The doctors were “accommodation parties” under Florida’s Uniform Commercial Code. Florida Statutes 673.4191(1) . . .Read More
Fantasy sports generally involves the selection of team members, and then earning points when the selected team players compete in real world sports events – the players with the highest points win. Such games often require an entry fee, and pay cash or other prizes to the winners.
Code Section 165(d) denies a deduction for losses from “wagering transactions” except to the extent they can offset wagering winnings. The IRS Chief’s Counsel recently opined on whether the entry fee to play a fantasy sports event is a wagering transaction subject to this loss limitation.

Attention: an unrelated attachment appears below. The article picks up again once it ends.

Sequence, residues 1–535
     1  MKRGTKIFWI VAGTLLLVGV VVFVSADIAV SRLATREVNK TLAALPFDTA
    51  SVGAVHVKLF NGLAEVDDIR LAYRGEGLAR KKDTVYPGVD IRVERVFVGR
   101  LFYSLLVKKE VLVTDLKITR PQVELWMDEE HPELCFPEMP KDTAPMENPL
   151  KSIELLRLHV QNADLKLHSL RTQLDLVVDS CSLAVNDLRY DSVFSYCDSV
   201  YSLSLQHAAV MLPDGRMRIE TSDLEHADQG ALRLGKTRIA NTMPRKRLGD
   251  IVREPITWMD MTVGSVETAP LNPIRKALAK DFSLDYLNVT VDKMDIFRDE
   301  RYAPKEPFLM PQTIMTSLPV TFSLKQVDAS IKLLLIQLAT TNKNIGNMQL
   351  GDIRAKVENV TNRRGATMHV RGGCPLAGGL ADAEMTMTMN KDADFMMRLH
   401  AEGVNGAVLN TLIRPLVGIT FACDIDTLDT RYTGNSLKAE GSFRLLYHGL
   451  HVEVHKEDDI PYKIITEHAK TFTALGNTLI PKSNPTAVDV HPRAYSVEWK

The opinion concluded. . .Read More
For many years, we have published a diagram that lists and provides information on the mechanisms under Florida law available to modify irrevocable trusts, both judicially and non-judicially. There have been 1000+ downloads of the diagram, attesting to the interest in this topic and how often people want to amend an irrevocable trust.
My partner, Jenna Rubin, recently summarized a Florida case (Demircan v. Mikhaylov) on the ability of a settlor and beneficiaries to modify an irrevocable trust.You can read the summary on her Rubin on Probate Litigation blog here.
The summary diagram has now been updated to include the new case.